Skip to comments.Gun Rights vs. States’ Rights
Posted on 11/14/2011 2:46:06 PM PST by neverdem
Evidently, the House is likely to pass a bill that would require states to respect concealed-carry permits issued in other states — even if the traveler’s home state has very different criteria for awarding a permit.
Concealed carry is a good idea, and so is reciprocity when states enact it voluntarily — but this is a bad idea, as it goes beyond the proper functions of the federal government. The stated constitutional justifications(PDF) for the law are to protect the Second Amendment (as applied to the states through the Fourteenth Amendment), to protect the right of interstate travel, and to protect interstate commerce, but none is even slightly convincing.
As the Supreme Court noted in its Heller decision(PDF), bans on concealed carry do not run afoul of the Second Amendment — they have a long history in the U.S., and courts have typically upheld them under the Second Amendment and state analogues. Thus, states have every right to decide the criteria by which they’ll grant permits (if they grant them at all), and to decide which other states’ permits they’ll respect. In fact, the exceptions written into the law itself — states that completely ban concealed carry don’t have to respect other states’ permits — show that no one takes this argument seriously; if carrying a gun in a state where you’re not licensed to carry is a Second Amendment right, why does it stop at the borders of the most anti-gun states?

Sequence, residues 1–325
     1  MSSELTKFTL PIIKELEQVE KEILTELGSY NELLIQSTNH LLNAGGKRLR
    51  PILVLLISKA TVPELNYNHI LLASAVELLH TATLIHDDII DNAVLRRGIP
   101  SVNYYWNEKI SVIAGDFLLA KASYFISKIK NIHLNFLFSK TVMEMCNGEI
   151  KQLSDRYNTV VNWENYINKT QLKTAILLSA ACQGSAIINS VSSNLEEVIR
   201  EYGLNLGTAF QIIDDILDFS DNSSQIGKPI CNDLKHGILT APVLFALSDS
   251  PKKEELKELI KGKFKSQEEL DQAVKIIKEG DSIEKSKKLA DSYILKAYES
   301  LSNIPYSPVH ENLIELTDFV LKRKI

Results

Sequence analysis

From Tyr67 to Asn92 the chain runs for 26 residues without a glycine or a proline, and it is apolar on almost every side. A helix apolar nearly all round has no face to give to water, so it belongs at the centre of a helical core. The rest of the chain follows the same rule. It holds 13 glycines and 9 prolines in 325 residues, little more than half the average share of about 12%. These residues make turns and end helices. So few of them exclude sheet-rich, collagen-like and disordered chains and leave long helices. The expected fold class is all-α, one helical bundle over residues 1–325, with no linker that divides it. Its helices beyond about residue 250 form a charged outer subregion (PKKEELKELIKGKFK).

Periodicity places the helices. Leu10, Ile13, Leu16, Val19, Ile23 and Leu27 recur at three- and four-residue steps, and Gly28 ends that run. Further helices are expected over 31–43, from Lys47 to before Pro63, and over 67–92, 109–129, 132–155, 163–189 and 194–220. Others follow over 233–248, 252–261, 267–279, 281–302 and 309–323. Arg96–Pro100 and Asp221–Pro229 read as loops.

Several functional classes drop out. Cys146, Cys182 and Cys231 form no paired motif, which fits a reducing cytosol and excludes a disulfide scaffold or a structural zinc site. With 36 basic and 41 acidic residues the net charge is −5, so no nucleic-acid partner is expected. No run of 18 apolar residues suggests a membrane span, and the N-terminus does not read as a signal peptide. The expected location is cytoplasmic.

While the Supreme Court has recognized a right of interstate travel, surely it doesn’t protect carrying items you’re not licensed to carry in the states you’re traveling to. And while Congress is notorious for abusing the Commerce Clause, I’m not seeing how concealed-carry permit holders’ not being able to carry while traveling “substantially affects” interstate commerce.
The only other justification for the law I can even think of is the “full faith and credit” clause, which requires states to respect each others’ “public acts, records, and judicial proceedings” — but this case would seem to fall under the “public-policy exception.”
And the Constitution aside, this is just bad policy from a conservative perspective, as it tramples on states’ rights. It’s almost an inverse of the Defense of Marriage Act — rather than allowing states to make their own laws and disregard licenses granted by states with different policies, it informs states that out-of-state travelers don’t have to play by their rules.
UPDATE: A commenter points me to Dave Kopel’s defense of the law(PDF). It doesn’t convince me the law is constitutional in the true sense, but it does convince me the law would likely hold up in court — apparently, once a gun moves in interstate commerce, the federal government can regulate it any way it pleases, under Supreme Court precedent.
UPDATE II: Other commenters make a good case for the “full faith and credit” clause. Its second sentence: “And Congress may by general Laws prescribe the manner in which such Acts, Records, and Proceedings shall be proved, and the Effect thereof.” So far as I can tell, not much has been written about the limits on this power of Congress’s. (Here, they have exercised considerable discretion in declaring that all concealed-carry licenses are valid in all states that respect such licenses, no matter how restrictive or liberal their criteria for granting them, and yet are not valid in states that don’t grant such licenses at all.) I’m surprised that the law’s drafters didn’t invoke this clause explicitly, though I still tend to think that states themselves should decide whether other states’ permits are granted according to acceptable criteria.